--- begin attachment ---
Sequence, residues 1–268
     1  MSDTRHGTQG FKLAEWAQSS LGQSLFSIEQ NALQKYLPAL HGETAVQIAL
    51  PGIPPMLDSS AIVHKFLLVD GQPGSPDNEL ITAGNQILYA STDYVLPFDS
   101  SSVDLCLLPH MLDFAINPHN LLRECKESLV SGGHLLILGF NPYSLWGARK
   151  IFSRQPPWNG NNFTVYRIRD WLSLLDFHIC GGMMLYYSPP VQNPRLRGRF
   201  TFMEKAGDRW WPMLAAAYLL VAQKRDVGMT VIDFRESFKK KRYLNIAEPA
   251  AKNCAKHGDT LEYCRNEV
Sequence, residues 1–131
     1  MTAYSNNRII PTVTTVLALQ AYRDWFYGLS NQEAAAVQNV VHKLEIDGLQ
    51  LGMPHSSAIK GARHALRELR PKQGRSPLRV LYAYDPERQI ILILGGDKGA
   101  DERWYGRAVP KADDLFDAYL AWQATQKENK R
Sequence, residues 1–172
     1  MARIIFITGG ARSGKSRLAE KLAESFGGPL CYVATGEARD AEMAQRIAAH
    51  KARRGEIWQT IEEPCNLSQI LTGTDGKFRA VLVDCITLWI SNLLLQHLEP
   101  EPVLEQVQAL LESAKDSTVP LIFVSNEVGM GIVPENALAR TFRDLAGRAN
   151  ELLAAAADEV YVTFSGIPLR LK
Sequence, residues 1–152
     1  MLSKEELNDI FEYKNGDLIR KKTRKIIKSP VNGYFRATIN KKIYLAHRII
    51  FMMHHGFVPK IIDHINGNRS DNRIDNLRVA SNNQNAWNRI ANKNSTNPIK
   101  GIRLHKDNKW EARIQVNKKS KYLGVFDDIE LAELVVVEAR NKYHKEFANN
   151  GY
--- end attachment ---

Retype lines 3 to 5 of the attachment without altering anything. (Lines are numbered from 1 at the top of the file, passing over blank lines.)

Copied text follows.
    51  PGIPPMLDSS AIVHKFLLVD GQPGSPDNEL ITAGNQILYA STDYVLPFDS
   101  SSVDLCLLPH MLDFAINPHN LLRECKESLV SGGHLLILGF NPYSLWGARK
   151  IFSRQPPWNG NNFTVYRIRD WLSLLDFHIC GGMMLYYSPP VQNPRLRGRF